A Systems Perspective of the Extended Enterprise

  • G. P. Nelder
  • P. A. Lowenthal
  • P. J. Sackett


Recent reports have identified a number of imperatives that will have a profound effect on the system of manufacturing during the next century (Iaccoca Institute, 1991; Browne, Sackett and Wortmann, 1992). These include the globalisation of markets, the preclusion of any one organisation possessing singularly all the required know-how, mass customisation, reduced product life cycles, and the requirement for environmentally benign products and processes. In addition, the emphasis on sustainability and the need to focus on actions to preserve the reserves of natural resources and to decrease the level of pollution to the greatest possible extent, presupposes development activities between industry, governments and research institutions (Browne et al. 1992; Krause and Kind, 1996) This will not be a linear process with clearly-delimited sequences and automatic follow-on, but rather a system of interactions, between different players whose experience, knowledge and know-how are mutually reinforcing and cumulative. As a result, more and more importance is attached in practice to mechanisms which aid the interaction (co-operation) between entities within a network.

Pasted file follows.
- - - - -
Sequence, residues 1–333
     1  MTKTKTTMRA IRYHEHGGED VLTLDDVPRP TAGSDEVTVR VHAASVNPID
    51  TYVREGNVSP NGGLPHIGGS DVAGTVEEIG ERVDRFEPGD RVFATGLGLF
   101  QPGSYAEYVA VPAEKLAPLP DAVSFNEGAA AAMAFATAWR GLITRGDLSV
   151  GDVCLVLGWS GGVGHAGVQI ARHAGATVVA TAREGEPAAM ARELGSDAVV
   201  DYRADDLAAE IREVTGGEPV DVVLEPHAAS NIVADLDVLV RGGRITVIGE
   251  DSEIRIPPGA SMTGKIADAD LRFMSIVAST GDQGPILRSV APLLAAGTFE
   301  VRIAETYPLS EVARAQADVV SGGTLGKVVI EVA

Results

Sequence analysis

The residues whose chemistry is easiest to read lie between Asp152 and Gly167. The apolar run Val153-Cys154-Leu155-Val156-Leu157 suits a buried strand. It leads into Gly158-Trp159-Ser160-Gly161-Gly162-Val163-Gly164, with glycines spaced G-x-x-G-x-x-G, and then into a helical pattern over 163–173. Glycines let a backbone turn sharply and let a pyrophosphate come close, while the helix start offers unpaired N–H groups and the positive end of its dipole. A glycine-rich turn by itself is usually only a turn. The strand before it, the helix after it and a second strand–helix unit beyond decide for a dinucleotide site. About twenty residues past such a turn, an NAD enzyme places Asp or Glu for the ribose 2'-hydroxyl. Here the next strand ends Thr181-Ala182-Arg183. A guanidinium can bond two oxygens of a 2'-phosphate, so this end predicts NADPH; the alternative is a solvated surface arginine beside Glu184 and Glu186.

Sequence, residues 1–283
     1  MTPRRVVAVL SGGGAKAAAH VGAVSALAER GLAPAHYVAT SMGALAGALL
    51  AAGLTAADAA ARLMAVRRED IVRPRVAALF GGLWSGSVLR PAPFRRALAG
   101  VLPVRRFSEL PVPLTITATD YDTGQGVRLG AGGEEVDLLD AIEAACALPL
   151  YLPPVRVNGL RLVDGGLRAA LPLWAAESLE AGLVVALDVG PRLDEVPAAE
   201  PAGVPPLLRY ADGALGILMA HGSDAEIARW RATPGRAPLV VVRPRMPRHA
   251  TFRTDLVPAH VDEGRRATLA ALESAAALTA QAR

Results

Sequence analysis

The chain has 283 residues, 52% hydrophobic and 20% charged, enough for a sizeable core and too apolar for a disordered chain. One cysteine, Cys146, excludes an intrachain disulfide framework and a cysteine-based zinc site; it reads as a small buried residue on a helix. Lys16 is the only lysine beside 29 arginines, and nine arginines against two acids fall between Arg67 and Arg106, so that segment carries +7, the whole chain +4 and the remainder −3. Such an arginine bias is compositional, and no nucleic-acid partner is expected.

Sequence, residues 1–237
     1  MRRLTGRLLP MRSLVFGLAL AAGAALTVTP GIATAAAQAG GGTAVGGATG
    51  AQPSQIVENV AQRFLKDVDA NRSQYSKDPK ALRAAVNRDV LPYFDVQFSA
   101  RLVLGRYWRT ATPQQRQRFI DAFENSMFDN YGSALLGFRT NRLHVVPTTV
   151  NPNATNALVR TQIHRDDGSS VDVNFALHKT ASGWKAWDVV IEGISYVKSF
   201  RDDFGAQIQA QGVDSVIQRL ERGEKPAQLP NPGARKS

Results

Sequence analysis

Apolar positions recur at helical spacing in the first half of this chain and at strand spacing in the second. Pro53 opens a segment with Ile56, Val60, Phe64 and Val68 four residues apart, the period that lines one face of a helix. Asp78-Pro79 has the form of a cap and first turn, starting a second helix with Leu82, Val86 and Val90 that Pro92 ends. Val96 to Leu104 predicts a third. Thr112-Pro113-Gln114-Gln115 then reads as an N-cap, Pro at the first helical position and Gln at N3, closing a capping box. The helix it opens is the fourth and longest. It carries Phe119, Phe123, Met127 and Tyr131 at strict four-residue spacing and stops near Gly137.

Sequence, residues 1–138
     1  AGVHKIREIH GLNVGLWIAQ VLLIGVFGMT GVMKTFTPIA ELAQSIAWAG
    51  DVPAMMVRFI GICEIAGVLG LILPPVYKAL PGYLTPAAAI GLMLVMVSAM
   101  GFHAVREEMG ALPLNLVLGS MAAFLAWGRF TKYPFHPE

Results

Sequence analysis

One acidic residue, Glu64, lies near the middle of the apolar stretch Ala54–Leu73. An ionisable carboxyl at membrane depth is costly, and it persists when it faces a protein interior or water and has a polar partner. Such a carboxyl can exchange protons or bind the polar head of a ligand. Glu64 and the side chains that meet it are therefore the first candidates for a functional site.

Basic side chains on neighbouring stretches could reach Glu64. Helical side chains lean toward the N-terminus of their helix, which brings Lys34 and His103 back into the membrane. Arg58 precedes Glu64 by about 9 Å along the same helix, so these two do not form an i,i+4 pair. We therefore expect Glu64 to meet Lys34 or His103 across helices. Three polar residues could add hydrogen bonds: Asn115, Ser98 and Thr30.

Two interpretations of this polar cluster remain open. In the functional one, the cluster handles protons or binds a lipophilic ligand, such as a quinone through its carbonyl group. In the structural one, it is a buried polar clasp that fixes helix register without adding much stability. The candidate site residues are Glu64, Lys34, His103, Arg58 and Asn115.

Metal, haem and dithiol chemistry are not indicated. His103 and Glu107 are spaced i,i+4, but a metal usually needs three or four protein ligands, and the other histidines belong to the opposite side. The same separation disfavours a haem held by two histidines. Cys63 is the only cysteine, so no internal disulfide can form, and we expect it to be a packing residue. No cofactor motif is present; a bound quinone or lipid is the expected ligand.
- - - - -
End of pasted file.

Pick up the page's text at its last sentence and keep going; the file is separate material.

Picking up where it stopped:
Product Life Cycle Mass Customisation Extend Enterprise Mixed Plastic Milk Container 
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Copyright information

© Springer Science+Business Media New York 1997

Authors and Affiliations

  • G. P. Nelder
    • 1
  • P. A. Lowenthal
    • 1
  • P. J. Sackett
    • 1
  1. 1.The CIM Institute, SIMSCranfield UniversityCranfieldUK

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